The operation of the fuel booster pump forces fuel from the fuel tank 46 through conduits 54 and 56 to the impeller 70 of the fuel pump 50. The opening of the Amotor operated valve 68 allows compressed air to be directed from the outlet of the engine compressor 4 through conduits 230, 64 and 66 against turbine 58 to drive the impeller 70. The impeller 70 then delivers fuel to the afterburner fuel meter 52. This fuel meter 52 meters fuel under the inuence of compressor pressure rise and the temperature control amplifier and this fuel passes by a normally closed solenoid shut-off valve, which is now open, through conduit 74 to the fuel nozzles 26.
The flow of fuel through conduit 74 is also directed to the igniter control 28 by conduit 174. It passes from conduit 174 through passage 172, annular groove 158 and passage 176 into chamber 141. It also passes from annular groove 158 through passage 162 to passage 164 and through restricting orifice to chamber 166. From chamber 141 the fuel passes through passage 178 into annular groove 160. This groove is connected to drain by a passage 180, which has a restricting orifice 184, to permit chamber 141 to become purged of air so that it may be filled with fuel.
When chamber 141 has become filled, the fuel flowing into chamber 166 through orifice 170 beings to urge piston member 148 to the left against the spring 150. This action shuts off the supply of fuel to chamber 141, shuts off passage from annular groove 160, ports compressor discharge pressure from conduit 115 to chamber 123 by way of bore 152, passages 154, annular groove 156 and passage 131, and connects conduit 190 to annular groove 160 through annular groove 188. Since cham ber 136 is connected to compressor inlet pressure by conduit 139, the pressure differential across piston member 124 urges piston member 125 to the right. This action incidentally shuts off passage 176 from chamber 141 and displaces the fuel in chamber 141, forcing it through passage 178, annular grooves 160 and 188 and out conduit to the nozzle 191. When piston 125 is at the left, the spring 133 is designed to be at its free length and exerts no force on the pistons 125 and 124. Therefore, the initial rate of injection is determined by the balance existing between the differential of fuel pressure in chamber 141 and the compressor inlet pressure in chamber 136 exerted across piston member 125 and the differential of compressor discharge pressure in chamber 123 and compressor inlet pressure in chamber 136 exerted across piston 124. Since the compressor rise increases as a function of the increase in engine ar ow, this increase in pressure difference zacross piston vmember 124 must be balanced by increased pressure ,in chamber 141 which results in a higher .rate of. fuel'fiow 'through the no7zle`191. By this means, a degreeof altitude compensation is effected so that'the excess fuel/air ratio in the increase in turbine exhaust gas,.pressure above 'that normally obtained without afterburning. This increase in pressure is transmitted to -the exhaust nozzle actuator control through conduit'79. The control 76 in accordance with this pressure directs compressod discharge -air from conduit 230 through conduit 262 to the side of the cylinders nearest the nozzle which causes the nozzle to open.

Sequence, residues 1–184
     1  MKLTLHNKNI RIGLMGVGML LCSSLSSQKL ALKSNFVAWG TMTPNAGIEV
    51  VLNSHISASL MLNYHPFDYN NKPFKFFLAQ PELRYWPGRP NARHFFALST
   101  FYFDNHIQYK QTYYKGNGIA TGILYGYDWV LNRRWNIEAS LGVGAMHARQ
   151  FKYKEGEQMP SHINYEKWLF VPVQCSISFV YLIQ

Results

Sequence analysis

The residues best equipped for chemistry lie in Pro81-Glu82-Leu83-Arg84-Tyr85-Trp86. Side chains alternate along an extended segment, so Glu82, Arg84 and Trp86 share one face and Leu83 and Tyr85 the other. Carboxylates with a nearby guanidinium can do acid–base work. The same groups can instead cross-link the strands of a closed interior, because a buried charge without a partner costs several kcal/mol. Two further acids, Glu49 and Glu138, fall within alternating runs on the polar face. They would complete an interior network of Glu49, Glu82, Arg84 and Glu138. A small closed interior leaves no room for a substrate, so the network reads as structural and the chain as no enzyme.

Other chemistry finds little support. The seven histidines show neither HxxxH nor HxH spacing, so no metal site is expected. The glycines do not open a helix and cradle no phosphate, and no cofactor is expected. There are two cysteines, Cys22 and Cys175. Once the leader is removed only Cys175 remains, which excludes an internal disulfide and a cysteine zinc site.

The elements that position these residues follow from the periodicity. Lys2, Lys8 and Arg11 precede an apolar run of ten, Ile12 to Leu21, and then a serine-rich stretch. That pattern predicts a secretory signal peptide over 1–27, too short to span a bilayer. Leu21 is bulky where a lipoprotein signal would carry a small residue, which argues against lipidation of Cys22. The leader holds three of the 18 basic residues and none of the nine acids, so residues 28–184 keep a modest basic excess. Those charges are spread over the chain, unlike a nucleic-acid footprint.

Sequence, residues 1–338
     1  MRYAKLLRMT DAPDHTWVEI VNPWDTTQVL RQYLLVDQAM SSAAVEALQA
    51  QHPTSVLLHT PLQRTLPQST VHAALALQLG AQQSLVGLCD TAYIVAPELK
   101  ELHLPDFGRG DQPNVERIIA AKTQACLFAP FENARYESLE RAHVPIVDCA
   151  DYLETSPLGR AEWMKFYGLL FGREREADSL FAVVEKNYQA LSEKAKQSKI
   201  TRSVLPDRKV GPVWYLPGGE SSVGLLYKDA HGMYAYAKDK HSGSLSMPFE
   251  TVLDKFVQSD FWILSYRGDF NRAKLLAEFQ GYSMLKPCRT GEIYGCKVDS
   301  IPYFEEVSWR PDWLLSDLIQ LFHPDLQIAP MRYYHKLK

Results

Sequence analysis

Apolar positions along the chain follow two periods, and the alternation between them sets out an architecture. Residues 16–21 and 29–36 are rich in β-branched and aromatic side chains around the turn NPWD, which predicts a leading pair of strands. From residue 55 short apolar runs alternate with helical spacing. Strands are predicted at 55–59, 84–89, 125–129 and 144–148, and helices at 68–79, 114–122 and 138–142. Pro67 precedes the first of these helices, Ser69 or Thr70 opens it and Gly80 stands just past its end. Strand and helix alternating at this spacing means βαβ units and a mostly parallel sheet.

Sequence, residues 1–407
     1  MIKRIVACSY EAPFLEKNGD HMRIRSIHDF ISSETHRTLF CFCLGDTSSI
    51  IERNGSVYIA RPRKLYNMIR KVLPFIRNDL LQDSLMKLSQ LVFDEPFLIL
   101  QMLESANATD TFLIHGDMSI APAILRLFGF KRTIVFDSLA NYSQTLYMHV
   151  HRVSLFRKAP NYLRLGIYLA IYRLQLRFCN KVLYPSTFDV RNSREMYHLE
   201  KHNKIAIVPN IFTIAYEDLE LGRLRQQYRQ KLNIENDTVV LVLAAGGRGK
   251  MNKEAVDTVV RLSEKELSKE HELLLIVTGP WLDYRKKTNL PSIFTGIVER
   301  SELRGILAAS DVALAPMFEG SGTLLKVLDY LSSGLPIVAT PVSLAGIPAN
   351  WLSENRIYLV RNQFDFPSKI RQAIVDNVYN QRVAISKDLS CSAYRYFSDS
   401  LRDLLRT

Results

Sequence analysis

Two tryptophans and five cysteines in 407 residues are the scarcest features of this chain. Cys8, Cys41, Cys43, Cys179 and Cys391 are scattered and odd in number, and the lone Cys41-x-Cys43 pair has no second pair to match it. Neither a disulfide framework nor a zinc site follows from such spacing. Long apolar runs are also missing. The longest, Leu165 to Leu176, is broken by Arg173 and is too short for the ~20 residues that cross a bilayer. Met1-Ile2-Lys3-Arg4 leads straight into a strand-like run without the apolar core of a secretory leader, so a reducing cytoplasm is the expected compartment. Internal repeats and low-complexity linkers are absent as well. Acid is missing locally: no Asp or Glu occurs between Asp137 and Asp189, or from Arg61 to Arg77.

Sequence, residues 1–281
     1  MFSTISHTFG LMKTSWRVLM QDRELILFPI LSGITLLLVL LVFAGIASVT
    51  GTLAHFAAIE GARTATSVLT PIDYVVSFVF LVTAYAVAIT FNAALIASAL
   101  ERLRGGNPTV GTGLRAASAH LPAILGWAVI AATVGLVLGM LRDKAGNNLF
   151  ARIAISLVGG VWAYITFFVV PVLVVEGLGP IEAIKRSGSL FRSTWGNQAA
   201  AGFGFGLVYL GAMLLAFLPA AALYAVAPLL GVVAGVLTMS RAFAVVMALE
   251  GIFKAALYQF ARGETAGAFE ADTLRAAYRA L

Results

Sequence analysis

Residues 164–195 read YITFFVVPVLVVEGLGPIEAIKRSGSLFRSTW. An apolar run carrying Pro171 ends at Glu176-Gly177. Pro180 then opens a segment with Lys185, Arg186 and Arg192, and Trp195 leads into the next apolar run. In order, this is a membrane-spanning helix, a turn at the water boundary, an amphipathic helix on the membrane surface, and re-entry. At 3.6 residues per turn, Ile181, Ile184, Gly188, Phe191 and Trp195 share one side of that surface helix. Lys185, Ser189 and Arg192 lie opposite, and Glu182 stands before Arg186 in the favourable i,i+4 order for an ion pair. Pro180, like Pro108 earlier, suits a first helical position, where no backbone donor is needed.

To stop the .operation of thea'fterburner the after- `burner switch 94 is turned to its off position. This turns .the temperature control amplifier 86 off thereby turning of asupply of current to a normally closed solenoid operated shut-off valve in the fuel meter. The movement of the switch to the .of position also closes the motor-.operated valve 68 and turns-off the afterburner fuel booster pump 48. It will be Aseen that with no -fuel liow combustion cannot be maintained-in the afterburner. .The decrease.in afterburner pressure istransmitted to the exhaust nozzle actuator vcontrol by conduit 79 thereby directing compressor discharge air from conduit 230 through conduit 266 to the side of the cylinders farthest from theinozzle which causes the-nozzle to close. Thel closing of the-.shut-of l'valve 'in the fuel meter in effect connects igniter control 28 to drain by conduit 174 passage 164. The movement of piston member 148 tothe right 'shuts off -the compressor'discharge pressure `from chamber 123 permitting spring 133 to move piston members 125 and 124 to the left, the gas in chamber 123 flowing through oritice'144 and .holes 135 to chamber 1136. This-,places the igniter control 28 in condition to be operated upon the next starting of the afterburner.